Monday, May 19, 2008

A Good Day

So, I spent Saturday at the SCBWI spring workshop in Salt Lake City where I got the chance to meet Molly O'Neill, who is the assistant editor with The Bowen Press, a new imprint at HarperCollins Children's Books. And guess what? She loved the new middle grade novel I'm working on! Based on the premise and first ten pages, she wants to see it when it's done, which absolutely tickled my toes. I'm so thrilled. That's just the sort of revived up energy I need to carry me through the home stretch. Thank you, Molly!

Not only that, she gave a fantastic presentation titled "How to Catch (& Keep) an Editor's Attention," which focused on the beginnings of stories -- basically, what draws a reader (and editor) in. If you're wondering what sort of books Molly likes, I'd have to say, she likes a lot. (She talked about 21 different books, and that was her short list.) But here are a few she mentioned.

That Rabbit Belongs to Emily Brown by Cressida Cowell & Neal Layton.
Charlotte's Web by E.B. White
Lizzie Bright and the Buckminster Boy by Gary D Schmidt
Toot and Puddle by Holly Hobbie
Dovey Coe by Frances O'Roark Dowell
Orville: A Dog Story by Haven Kimmel

Happy writing, everyone! Time to get busy........

Wednesday, May 14, 2008

SCBWI Conference in LA 2008 (and other things)

OKAY! I've done it!

The tickets are bought. The registration is completed. And wha-la . . . I'm in for the SCBWI conference in LA.

Can you tell I'm excited?

Good. Because I am!!!!!!!! (And no, I'm not one to shy away from using exclamation points. In fact, I love exclamation points, especially when they are needed.)

This year's conference is going to be great with FOUR full days of children's book stuff from children's book authors, like Margaret Peterson Haddix (my daughter loves her) and Lisa Yee (who has been on my must-read list with her book, Millicent Min, Girl Genius) and Bruce Coville, whose books are beginning to line my son's shelves. Plus, there'll be loads and loads of children's book editors--more than I dare count. (Well, I could count them, but why put a cap on the excitement level?)

Anyway, I can't wait to meet other writers, maybe talk with some editors, see what's up and coming in the children's book market for next decade, AND if I'm lucky, find a way to become a part of it.

As for my last post, I thought I'd try and find some great 14th lines from some favorite books that I know. Let me tell you, this was no easy feat, because from some truly wonderful books that we know kids are enjoying, we have fourteeners like this:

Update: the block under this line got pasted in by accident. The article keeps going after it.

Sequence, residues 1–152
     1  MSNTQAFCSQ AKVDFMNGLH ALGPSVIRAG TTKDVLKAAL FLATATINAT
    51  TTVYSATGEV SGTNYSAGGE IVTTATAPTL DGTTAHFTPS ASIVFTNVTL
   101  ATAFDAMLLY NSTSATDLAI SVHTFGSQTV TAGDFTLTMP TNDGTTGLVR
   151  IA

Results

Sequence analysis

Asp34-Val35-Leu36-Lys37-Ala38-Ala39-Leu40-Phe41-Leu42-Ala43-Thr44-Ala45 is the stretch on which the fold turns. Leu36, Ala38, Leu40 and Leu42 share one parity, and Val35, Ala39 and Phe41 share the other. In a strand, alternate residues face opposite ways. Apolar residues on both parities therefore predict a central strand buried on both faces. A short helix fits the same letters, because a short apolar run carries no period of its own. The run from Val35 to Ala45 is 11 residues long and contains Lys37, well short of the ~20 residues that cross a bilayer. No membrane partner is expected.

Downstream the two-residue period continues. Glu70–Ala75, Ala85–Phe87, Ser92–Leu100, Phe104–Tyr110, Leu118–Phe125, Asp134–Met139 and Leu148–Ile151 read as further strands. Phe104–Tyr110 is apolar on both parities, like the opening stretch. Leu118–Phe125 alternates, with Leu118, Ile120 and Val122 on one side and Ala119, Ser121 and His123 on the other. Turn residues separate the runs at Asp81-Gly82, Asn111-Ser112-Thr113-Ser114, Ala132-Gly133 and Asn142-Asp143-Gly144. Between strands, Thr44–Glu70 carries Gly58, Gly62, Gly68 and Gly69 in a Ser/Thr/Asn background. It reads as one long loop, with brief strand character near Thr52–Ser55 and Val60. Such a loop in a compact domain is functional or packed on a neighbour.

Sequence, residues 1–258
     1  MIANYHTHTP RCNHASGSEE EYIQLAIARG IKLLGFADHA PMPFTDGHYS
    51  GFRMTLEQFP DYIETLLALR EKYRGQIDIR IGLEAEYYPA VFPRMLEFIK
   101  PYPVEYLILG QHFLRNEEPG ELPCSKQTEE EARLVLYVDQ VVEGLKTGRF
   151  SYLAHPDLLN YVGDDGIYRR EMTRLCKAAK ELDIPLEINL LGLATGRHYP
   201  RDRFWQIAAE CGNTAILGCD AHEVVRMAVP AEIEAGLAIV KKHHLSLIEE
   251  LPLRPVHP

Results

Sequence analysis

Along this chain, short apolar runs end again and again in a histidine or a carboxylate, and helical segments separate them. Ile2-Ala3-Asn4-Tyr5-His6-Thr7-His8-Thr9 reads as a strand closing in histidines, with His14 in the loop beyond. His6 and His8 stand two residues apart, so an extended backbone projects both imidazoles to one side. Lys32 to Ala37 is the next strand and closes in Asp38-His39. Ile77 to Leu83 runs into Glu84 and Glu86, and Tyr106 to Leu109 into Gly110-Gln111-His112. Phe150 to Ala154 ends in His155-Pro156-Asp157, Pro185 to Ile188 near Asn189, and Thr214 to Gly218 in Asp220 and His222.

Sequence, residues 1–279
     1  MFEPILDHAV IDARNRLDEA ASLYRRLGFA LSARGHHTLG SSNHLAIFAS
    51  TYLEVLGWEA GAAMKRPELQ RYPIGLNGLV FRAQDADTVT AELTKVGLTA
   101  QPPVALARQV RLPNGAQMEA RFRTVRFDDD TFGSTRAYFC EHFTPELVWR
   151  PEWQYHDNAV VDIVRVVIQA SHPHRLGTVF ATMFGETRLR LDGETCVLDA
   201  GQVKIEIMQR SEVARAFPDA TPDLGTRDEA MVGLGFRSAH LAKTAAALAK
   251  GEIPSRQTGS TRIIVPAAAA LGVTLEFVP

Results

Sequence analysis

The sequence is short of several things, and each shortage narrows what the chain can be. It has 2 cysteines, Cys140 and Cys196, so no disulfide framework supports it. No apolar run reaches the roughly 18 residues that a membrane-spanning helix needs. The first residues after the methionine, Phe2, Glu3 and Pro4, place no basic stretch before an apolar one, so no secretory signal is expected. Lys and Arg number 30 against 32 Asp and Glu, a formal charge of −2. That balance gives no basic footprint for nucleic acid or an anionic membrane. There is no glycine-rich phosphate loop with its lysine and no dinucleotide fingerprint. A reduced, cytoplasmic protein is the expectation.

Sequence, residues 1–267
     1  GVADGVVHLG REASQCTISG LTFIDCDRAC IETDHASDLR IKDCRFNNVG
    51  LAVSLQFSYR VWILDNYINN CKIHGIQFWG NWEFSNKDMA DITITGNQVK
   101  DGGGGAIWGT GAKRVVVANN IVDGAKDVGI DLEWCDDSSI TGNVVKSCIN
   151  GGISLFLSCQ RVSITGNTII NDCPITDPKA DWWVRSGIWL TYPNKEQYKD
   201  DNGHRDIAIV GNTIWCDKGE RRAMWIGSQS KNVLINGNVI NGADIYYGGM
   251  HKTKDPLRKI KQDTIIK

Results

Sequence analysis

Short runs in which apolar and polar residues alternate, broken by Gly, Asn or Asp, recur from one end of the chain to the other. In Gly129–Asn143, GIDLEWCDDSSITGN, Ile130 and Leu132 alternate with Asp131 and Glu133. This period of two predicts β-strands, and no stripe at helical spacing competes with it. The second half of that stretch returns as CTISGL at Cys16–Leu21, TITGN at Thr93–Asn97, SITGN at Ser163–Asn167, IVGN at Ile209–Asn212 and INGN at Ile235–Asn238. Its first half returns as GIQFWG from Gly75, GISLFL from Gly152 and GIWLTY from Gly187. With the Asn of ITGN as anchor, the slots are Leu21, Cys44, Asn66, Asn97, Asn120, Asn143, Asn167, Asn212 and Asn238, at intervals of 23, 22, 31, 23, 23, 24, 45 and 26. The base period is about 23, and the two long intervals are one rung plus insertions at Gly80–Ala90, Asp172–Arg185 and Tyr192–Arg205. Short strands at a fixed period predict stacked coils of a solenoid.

She got pretty good. (Olivia by Ian Falconer)

They wait. (A Crooked Kind of Perfect by Linda Urban)

My name is Percy Jackson. (The Lightning Theif by Rick Riordan)

"I'm hungry," Seth said. (Fablehaven by Brandon Mull)

So, I could have just ended it there by saying that what I wrote before about 14th lines is all a bunch of Phooey. But I didn't, and I won't. Because I still believe that everything that comes after that awesome first line of a fantastic story is linked to what came before, as well as what is going to come next. (I got that bit of insight from Dean Koontz (Odd Thomas) when I was working on The Book Lover's Cookbook. And I also won't say it, because I did find fourteeners (zingers at the fourteenth line) like this:

I knew if something wasn't done quickly, the sanitation department would have to pick up a dead dog.
(Where the Red Fern Grows by Wilson Rawls)

But things can come together in strange ways.
(Tuck Everlasting by Natalie Babbitt)

He skidded to a stop and smiled right at me.
(Because of Winn Dixie by Kate DiCamillo)

Not the tiniest sound could be heard anywhere.
(The BFG by Roald Dahl)

They were selfish and lazy and cruel, and right from the beginning they started beating poor James for almost no reason at all.
(James and the Giant Peach by Roald Dahl)

Just don't ask me to be nice.
(The Book Thief by Markus Zusak)

Did they not want me after all?
(Jinx by Meg Cabot)

So, there you have it. Intrigue, suspense, interesting images . . . they all can be found at the 14th line, or anywhere in a good book--although they don't have to be derivitives of 14, of course. But I'd be willing to bet, that in our favorite stories, good sentences like these can be found in abundance, and perhaps when we least expect it...

Write on, everyone!